If we were to take circumstances and shuffle them around a little so that Kiprusoff could be traded come June 1st rather than July 1st, then perhaps he could be moved for two middle-first round picks such as Washington has this year. Perhaps. But to suggest that he is worth Toronto’s 5th overall, Joe Colborne and Cody Franson is a stretch. While I don’t doubt that Burke will have interest in moving his 1st round pick, the package Mitch proposes is closer to the asking price for Rick Nash.

      The Chicago and Florida Panthers scenarios are closer to what I would estimate for Kiprusoff’s market value this summer.

      I will say, though, that I am glad there wasn’t a suggestion that Scott Howson move their 2nd overall pick for Kiprusoff. That would have jumped the shark.

      • Mitch2

        My review is that top G are a rare commodity to hit the trade market. When they do, they have been undervalued. History shows that.

        The risk is more minimal for a older top G because the fact is they are proven, if they are still a starter in their mid-30s. It means they are good. The young unproven net minder may or may not hold up.

        Here is a good article which drives home the point from Leafs nation. Numbers and graphs included.

        Again – I went to the Hasek trade because of age and again the Wings won that trade easy. They got Hasek for a cheap cost and that is why I use that low trade return for Hasek as the bar for Kipper.

        You even note the fact Buff was under pressure to move him and had to take that lower return but don’t acknowledge the Flames are under no such pressure and can wait for a better offer ?

        Kipper is not worth the 5th overall pick, it is a 1st round draft swap with Toronto, they get Calgary’s 14th overall pick. Toronto HAS a 1st round pick.

        You neglect to mention that the other player included in the trade is Mike Komisarek, who in my calculations has considerable negative value. 4.5 million Cap hit and playing the bottom pairing in Toronto? He doesn’t up the Leafs side of the trade he lowers it.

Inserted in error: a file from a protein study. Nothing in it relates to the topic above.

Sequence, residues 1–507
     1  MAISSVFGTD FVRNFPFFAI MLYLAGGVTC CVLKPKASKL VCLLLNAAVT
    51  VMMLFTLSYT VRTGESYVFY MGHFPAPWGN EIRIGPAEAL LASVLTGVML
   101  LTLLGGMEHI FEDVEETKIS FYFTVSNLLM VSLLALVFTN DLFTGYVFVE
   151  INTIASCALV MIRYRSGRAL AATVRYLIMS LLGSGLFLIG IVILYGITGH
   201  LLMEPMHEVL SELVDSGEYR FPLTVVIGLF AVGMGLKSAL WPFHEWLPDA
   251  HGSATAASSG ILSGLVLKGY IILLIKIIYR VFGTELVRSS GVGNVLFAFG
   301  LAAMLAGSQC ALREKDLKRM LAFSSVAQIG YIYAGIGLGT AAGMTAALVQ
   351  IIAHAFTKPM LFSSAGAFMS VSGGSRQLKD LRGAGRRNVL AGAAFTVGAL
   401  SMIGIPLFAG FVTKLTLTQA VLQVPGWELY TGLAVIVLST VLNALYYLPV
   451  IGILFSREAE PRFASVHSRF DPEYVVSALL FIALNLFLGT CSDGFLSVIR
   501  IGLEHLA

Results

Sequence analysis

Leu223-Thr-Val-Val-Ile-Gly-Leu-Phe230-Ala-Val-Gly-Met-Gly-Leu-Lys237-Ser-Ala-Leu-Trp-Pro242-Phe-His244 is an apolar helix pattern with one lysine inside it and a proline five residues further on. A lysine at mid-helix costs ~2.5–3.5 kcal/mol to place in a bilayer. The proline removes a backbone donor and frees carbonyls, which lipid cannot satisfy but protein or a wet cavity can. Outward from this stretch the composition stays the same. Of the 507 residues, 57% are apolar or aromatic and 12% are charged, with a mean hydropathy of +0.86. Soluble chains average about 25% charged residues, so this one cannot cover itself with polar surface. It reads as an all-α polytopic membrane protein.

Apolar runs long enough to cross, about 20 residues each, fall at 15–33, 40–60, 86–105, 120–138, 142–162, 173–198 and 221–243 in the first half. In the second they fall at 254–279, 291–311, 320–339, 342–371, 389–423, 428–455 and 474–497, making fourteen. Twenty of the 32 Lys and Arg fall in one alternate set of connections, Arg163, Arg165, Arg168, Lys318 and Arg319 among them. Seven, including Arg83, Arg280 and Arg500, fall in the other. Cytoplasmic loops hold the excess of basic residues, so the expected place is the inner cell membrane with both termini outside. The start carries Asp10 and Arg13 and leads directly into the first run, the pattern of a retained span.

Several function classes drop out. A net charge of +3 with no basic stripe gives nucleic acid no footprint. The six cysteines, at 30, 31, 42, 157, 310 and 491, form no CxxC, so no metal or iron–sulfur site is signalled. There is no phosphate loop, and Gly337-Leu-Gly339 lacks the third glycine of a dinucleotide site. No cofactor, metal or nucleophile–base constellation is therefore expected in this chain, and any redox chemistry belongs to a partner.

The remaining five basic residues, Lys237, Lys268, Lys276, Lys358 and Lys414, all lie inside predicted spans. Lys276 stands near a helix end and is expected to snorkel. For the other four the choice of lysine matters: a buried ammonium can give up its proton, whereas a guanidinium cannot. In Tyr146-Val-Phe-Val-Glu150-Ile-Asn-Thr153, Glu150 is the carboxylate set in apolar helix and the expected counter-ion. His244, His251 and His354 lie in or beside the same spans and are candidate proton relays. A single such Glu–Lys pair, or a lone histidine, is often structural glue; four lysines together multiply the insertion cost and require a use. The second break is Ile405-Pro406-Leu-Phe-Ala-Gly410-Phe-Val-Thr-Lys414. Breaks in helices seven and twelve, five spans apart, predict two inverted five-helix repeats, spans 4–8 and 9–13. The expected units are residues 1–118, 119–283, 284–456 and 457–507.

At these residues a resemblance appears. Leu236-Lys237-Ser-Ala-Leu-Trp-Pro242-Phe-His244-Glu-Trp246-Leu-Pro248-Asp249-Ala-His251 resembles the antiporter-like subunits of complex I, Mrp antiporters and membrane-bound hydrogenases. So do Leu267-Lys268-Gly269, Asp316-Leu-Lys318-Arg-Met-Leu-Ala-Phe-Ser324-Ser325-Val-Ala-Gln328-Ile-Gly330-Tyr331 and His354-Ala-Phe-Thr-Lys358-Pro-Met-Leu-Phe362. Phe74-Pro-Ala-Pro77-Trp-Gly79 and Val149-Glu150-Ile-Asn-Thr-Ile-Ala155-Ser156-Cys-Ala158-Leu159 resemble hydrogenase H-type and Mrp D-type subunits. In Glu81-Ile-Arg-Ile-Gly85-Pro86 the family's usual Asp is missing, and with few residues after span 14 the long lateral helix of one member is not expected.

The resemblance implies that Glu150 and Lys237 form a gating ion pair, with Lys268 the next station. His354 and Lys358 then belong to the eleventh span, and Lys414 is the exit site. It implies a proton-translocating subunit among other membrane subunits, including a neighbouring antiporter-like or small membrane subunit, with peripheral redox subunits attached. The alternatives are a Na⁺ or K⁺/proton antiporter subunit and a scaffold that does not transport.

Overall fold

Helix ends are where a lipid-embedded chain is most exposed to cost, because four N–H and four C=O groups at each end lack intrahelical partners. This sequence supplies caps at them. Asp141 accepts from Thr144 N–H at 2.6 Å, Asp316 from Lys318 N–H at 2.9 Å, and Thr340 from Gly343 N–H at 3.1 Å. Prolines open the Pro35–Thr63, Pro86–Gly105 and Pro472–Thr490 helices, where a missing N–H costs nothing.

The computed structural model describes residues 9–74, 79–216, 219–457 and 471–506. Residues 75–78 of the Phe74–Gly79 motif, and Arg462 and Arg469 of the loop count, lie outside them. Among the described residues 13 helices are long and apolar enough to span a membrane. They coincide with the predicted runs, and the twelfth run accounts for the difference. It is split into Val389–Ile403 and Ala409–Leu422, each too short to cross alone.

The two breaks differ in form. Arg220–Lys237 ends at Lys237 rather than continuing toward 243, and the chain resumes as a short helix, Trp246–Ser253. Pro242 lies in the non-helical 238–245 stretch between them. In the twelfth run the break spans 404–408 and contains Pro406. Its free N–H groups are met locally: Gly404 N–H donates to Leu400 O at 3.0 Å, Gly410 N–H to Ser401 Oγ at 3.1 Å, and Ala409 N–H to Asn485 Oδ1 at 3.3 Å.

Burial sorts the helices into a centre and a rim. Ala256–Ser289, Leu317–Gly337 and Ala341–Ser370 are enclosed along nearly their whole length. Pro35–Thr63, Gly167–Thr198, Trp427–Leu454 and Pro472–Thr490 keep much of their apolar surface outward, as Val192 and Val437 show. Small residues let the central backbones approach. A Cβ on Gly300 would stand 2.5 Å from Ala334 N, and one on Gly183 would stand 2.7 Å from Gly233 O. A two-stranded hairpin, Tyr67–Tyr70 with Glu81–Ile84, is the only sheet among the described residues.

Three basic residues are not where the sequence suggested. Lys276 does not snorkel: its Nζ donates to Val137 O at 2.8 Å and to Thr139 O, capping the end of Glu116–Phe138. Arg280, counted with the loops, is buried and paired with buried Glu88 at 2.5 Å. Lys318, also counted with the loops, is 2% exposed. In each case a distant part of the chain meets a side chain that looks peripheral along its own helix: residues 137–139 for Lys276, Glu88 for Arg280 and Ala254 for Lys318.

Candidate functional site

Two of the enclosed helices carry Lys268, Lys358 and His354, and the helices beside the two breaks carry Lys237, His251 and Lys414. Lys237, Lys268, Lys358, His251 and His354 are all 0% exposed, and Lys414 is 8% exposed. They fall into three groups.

Once again the trade is

        Kipper / Carson / Calgary’s 1st (14th overall)

        Toronto’s 1st (5th overall) / Joe Colborne / Mike Komisarek / Franson / rights to Gust.

        The thing with Toronto is there is many, many ways to turn the dials. Kipper can not get the first round pick swap AND Joe Colborne.

        If there is an error for me in this trade it may be because I see Komisarek with HUGE negative value. He is a bottom pairing Cap Hog for 2 years but taking him means Colborne and Franson can be included with the Flames throwing Carson back.

        I don’t think you saw the details of the trade. Nash would get the 5th overall pick outright, no draft swap, Kipper certainly won’t unless the Flames sweeten their side of the deal.

        And for the record the very suggestion that Kipper is worth the 2nd overall pick is outrageous.

        I want to stress that it is not Kipper for Toronto’s pick, it is Kipper and Calgary 1st for Toronto’s 1st and Colborne, that is the core of it and even that requires imo, a negative value player coming back from Toronto because it is too heavy for Calgary.

        Now if that is overvaluation, I don’t know what to say…

    • Mitch2

      That’s a hit and run comment.

      (1) Composing trade scenarios are extremely difficult. Which might be why I have never seen you even attempt it.

      (2) I never said Hasek = Kipper. I said the trade was a bar of comparison for trade value due to the player’s same age. Hasek had the negative factor of injuries. He missed the prior season completely and after the trade missed another full season. Kipper has perfect health.

      Buffalo was also forced to trade him due to cost and his trade return was lessened by this, they were on the phone trying to move him – (minus) for Buff. The Flames are not desperate to trade Kipper, the market should want him (plus) for the Flames.

      I used Hasek’s return of a 1st line player, first round pick and a conditional as a strike point in calibrating trade value and the proposed trades are all lower than it. I am not sure if you are aware of that.